This morning, while driving to the office, I nearly made a left turn into oncoming traffic. The cause was a flashing yellow turn signal. As I approached the intersection from the left turn lane the left turn signal changed from green to yellow and then to flashing yellow. My brain apparently didn’t make any distinction between the solid yellow turn arrow and the flashing yellow turn arrow. Years of habit simply interpreted this as a yellow turn signal, not solid and not flashing. In my 7 AM pre-coffee head this meant my opportunity to turn left was quickly ending and that oncoming traffic was about to get their green. In other words, the yellow meant “hurry up and go!”
But oncoming traffic was already moving and, as reality appeared right before my eyes in the form of a 3 ton Ford F150, I slammed on the brakes and stammered a not-so-gentle “What the #$%!?” Then I switched into processing mode to figure out my error and immediately knew what I had done. A flashing yellow means “yield”.Oh, and the nice sign next to the light says the same thing. That’s all fine and dandy but why did I not know that immediately? The reason has to do with how habits allow us to operate in a no-processing mode.
While I was approaching the turn I was operating from habit. Based on thousands of experiences every year with left turn signals I know how they operate. In my brain the basal ganglia was running the show. This is one of the most primitive parts of the brain that functions even when short term and long term memory fail. It allows us to perform deeply ingrained tasks while our processing mind is solving other problems.
Our repeated experiences are the nutritional nuggets that form habits and when we do something often enough it will eventually be molded into a habit. Each subsequent exercise of that habit then requires little to no thought to perform, freeing up our cognitive mind for more important things. When you brush your teeth you probably don’t even pay attention to the process. Have you ever seen a toddler learning to brush their teeth? It’s like a cross between a surgeon concentrating on an incision and a bulldog eating a jar of peanut butter. There’s no habit there so they have to focus and work hard at it.
If you want to learn more about habits and their influence on our lives I highly recommend reading Charles Duhigg’s The Power of Habit
Think about the last time you visited your favorite websites. You’re probably familiar with their layout and navigation, so you know how to find things and move around. Now think about sites you’ve encountered where you quickly get lost and confused. How long did you stick around?
User experience (or UX) is based on simplicity. When a user visits your site they should be able to find what they’re looking for with little effort. Even if you have amazing, highly engaging content, it won’t matter unless users can quickly and easily find what they seek. This is where habit comes into play.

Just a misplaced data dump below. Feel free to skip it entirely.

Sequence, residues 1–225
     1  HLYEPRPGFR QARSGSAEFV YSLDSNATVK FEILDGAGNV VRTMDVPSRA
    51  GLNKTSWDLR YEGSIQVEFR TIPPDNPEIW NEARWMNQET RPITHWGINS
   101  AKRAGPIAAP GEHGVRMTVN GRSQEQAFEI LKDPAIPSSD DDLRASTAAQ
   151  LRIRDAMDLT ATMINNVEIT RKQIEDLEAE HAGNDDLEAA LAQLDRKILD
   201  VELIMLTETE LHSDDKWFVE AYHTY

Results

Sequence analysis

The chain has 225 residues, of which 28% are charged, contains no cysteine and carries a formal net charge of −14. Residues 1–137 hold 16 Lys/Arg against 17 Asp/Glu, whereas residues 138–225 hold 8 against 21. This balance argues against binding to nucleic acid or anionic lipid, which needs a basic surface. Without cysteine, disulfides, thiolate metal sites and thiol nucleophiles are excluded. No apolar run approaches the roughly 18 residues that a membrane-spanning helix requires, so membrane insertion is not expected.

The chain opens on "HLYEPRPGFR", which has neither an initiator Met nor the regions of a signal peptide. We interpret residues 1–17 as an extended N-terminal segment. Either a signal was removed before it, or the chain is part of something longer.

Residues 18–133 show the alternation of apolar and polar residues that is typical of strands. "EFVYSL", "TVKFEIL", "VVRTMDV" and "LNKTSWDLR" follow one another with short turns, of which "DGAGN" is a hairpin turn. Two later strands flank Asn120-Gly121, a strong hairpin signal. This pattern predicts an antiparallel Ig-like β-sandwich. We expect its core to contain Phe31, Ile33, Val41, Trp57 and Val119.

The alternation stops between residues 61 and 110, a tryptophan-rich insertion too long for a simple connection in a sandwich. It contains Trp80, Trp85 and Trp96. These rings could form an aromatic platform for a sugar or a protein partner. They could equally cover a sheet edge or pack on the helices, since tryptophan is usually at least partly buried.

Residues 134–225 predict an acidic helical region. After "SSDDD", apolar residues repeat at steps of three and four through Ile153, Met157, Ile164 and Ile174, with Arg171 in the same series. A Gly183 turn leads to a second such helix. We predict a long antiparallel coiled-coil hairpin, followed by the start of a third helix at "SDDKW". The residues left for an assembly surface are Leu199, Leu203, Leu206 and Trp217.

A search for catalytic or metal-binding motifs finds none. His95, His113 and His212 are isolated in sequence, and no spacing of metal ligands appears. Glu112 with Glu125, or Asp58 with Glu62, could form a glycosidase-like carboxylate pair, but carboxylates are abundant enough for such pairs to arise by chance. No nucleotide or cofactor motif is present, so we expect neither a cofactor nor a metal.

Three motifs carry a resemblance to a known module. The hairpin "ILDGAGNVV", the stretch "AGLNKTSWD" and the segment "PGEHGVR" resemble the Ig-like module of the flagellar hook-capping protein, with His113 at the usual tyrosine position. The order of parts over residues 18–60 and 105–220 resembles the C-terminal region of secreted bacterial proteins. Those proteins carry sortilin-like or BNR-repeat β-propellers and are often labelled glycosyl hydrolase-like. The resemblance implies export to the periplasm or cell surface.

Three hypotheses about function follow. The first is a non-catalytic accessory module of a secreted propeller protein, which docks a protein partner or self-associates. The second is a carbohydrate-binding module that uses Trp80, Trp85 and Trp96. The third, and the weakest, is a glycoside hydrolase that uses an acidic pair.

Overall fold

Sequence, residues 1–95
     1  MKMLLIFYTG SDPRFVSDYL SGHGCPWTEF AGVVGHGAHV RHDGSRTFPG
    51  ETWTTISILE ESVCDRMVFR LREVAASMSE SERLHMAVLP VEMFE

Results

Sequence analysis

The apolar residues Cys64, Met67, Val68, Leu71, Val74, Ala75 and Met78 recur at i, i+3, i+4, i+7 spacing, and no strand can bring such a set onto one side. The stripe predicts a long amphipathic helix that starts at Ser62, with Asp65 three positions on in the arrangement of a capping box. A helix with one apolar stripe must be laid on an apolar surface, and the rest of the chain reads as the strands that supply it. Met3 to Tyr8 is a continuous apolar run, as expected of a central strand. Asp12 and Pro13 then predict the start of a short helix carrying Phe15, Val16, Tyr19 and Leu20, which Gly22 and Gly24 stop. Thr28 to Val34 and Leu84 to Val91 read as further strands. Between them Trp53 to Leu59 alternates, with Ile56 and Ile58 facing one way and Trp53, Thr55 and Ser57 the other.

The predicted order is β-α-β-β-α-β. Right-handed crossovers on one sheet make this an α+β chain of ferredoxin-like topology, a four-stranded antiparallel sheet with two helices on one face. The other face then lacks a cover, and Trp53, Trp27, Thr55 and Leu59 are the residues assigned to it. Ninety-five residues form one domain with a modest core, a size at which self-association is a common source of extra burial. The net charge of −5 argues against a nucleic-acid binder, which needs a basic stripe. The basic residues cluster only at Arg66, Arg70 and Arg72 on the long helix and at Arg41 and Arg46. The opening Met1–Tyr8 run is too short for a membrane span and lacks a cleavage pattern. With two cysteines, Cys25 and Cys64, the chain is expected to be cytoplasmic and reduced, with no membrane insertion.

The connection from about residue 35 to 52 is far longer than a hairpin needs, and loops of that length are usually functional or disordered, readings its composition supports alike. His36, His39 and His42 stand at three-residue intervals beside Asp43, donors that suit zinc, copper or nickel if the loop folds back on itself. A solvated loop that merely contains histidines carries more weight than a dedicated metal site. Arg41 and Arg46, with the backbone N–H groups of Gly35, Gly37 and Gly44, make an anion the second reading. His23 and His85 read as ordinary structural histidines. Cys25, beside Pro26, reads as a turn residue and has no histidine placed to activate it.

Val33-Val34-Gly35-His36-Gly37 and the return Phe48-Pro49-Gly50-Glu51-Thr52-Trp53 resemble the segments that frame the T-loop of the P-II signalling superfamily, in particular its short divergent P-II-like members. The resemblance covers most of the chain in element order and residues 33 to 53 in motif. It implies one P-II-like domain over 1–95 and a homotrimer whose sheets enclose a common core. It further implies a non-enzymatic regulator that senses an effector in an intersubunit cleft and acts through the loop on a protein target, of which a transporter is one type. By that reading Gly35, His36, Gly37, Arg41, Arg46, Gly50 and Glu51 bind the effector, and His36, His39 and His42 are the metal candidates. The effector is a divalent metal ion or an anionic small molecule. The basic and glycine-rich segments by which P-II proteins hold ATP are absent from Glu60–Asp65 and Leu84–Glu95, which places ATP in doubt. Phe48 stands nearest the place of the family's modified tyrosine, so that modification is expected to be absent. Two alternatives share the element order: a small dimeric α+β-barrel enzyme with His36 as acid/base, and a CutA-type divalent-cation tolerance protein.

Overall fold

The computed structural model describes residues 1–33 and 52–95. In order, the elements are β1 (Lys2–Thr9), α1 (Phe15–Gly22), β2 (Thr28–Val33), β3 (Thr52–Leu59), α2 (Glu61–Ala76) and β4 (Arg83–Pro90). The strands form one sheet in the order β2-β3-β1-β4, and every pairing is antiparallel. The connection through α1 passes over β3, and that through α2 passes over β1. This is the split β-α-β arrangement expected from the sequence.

For over twenty years now people have formed habits about how they interact with websites. There are basic principles of web design and when not followed cause frustration and abandonment. One example is hyperlinks. Early on all links were blue and underlined. This formed habits and people naturally understood that when text was blue and underlined it was a link to more information.
Around the start of the 2000’s, however, many designers began to flex their creative muscles and design non-standard links into their sites. In some cases, links were not clear until a user moused over them, which would cause an underline to appear or the text to become a different color. Others simply made all links italic with no underline and no mouseover cues. Others would simply change the color of all links to a color in the site's color pallette. Essentially, design and brand requirements were smothering the habits of usability.
Links are the original foundation of the world wide web and it’s called the “web” because of the web of sites, pages, and links.
Imagine if we hired these same website designers to redesign traffic lights. The colors of the lights change to match the town's branding. The light configuration and layout would become non-standard and the accident rate would skyrocket as drivers tried to interpret these new visual cues.
Since website visitors bring with them deeply formed habits we need to design sites that take them into account. Every habit we ignore requires unnecessary mental processing from visitors. The more a user must switch to their cognitive, processing mind, the less energy they will have to dedicate to your amazing content and the sooner they will leave your site.
Steve Krug has a fantastic book called Don’t Make me Think where he lays out design dos and don’ts and common usability principles.
There are a lot of trendy new website layouts that look fantastic and have very cool effectives built into them. Many of these work well and take into account visitor habits but many focus on the wow factor over usability. One example is parallax scrolling. When used effectively, this effect can lead to highly immersive and enjoyable websites. But it can also be overplayed causing the visitor to think too much in order to find relevant content.
If you’re trying to produce this wow factor and stay in front of your competition by building a modern website, you’ll need to be wary of pushing too far away from existing visitor habits. You don't want visitors to flex their cognitive muscles too much and when they do it should be because of your engaging content. There is only so much cognitive fuel in the tank and you don’t want them wasting it on navigation.